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The Pureness of IP, and how really Icky IPX Can Be

Novell Cool Solutions: Trench
By Lindsey Johnstone

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Posted: 15 Nov 2001

One of the issues that we as Administrators have had to face was supporting multiple protocols within our environments. For most of us, particularly us in government, this has meant that we have had both IP and IPX running around our networks so we can support those lovely, legacy applications that require a bindery connection.

Normally, this is not a problem, as we have read the information (or attended the sessions at BrainShare) from Laura Chappell, The Twinkie Lady ( or The Dynamic Duo of NDS Troubleshooting, Peter Kuo ( and Jim Henderson ( where they advise how to make these two protocols coexist within your network in a nice, harmonic way.

Well, that's if you attend their sessions, or read their books. The rest of us wander around in the darkness, doing what makes sense, or seems the most logical. (You can guess what happens when you start applying logic within an agency .... <g>) When we talk to our infrastructure support folks, it's mostly about baseball, football or the latest agency gossip. Rarely do we get the chance to "talk turkey" about the concepts and policies of proper implementation of the correct protocol within the network. Nor do we think that somehow the network could be affected by installing a new printer supported by a JetDirect card. Why are these things important?

There is a big nasty out there, just waiting to pounce, if you are not careful. The nasty is called 802.3, a Frankenstein if there ever was one. And one of Frankenstein's creators, Bob Ross, is the first to tell you that if you find it on your network, get rid of it. Why? Rather than get into a long dissertation of the whys and why nots, I will suffice it to say, (from Bob's session at BS2001) that when the Novell team tried to, uh, create an alternative to 802.2, they were able to figure it all out except for a small 2K section, so they filled that section with all F's. That section in 802.2 is called checksum. <g>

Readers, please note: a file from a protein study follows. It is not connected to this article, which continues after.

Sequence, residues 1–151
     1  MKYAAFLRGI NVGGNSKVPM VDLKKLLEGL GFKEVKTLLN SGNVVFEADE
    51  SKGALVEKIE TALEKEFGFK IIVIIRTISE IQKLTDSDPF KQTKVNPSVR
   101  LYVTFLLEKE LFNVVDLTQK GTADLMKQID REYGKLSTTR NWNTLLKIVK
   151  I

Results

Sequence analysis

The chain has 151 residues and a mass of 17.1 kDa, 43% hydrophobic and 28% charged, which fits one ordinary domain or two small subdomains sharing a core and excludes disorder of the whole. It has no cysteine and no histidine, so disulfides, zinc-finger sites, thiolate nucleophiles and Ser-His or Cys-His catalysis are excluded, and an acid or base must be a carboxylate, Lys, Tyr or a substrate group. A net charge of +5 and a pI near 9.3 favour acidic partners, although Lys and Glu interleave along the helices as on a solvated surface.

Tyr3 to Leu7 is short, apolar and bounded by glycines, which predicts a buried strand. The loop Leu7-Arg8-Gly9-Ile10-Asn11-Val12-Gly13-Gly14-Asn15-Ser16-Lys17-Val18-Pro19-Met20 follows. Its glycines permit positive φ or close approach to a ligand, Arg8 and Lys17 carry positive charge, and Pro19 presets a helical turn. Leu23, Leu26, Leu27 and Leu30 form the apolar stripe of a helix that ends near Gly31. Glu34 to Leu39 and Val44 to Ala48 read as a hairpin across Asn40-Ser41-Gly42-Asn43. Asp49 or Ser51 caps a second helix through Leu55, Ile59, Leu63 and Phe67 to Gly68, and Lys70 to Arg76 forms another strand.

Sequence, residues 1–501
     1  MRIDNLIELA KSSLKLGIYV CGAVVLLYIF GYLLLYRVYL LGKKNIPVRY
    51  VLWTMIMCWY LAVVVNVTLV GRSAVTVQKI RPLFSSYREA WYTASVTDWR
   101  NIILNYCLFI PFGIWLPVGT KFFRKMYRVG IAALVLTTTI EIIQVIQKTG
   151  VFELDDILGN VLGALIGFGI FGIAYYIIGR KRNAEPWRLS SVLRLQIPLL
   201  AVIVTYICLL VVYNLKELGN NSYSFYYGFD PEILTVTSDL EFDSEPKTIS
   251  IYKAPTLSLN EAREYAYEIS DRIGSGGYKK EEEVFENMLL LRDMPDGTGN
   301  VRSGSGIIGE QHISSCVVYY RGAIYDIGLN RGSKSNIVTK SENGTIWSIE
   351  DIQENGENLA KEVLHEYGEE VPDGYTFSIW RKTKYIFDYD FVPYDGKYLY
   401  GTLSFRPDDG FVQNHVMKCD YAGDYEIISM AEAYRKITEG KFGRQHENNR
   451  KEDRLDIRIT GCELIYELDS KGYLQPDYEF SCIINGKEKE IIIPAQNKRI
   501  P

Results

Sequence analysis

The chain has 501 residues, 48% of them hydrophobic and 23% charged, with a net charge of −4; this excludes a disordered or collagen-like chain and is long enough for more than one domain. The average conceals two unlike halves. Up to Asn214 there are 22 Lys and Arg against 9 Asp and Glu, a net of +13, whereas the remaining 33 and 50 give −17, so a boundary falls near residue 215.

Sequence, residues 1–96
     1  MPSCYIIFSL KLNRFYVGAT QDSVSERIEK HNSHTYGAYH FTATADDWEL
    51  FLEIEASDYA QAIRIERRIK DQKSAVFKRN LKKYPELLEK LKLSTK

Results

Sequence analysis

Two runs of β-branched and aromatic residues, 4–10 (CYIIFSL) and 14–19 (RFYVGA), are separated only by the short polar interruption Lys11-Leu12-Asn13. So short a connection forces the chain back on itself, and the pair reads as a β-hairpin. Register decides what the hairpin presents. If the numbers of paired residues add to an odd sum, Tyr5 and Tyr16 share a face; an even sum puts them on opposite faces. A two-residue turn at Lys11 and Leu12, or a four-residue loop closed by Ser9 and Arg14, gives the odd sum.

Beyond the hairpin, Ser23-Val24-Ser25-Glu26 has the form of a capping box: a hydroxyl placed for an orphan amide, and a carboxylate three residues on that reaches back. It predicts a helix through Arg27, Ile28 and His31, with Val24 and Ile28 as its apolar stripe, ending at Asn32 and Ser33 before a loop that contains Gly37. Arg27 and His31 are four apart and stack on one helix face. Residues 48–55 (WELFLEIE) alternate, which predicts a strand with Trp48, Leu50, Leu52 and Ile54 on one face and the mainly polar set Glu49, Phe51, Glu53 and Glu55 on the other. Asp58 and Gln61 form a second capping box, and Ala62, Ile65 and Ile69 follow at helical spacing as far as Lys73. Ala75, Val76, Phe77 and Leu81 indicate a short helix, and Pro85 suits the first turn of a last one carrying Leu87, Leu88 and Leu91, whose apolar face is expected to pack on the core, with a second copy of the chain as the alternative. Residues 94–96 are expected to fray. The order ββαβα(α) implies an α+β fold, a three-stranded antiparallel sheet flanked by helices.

What's does 802.3 do that is so nasty? Didja ever have a perfectly good, working workstation that was all zippy and happy, and quite suddenly, it's about as speedy as a brick sliding up a hill covered in molasses? You now have a real slug on your hands, a very disgruntled user and a machine whose network properties all "look good".

That JetDirect card installs 802.3 by default when you tell it that you are using a Novell network, and if you don't know the difference, you can specify 802.3 during the install of either the network client or server software. And our good friend Windows 98, if left set to automatic on the IPX protocol, will set as 802.3, if it is present on the network.

A good stop for all Admins is Novell's Product Documentation "Novell Client for Windows", which can be found at: where the individual settings are discussed and explained. Until the day when we are all pure IP, and IPX is a thing of the past, or we have all gone native file access, dot your "i's" and cross your "t's" so you can avoid that "icky" kind of IPX.

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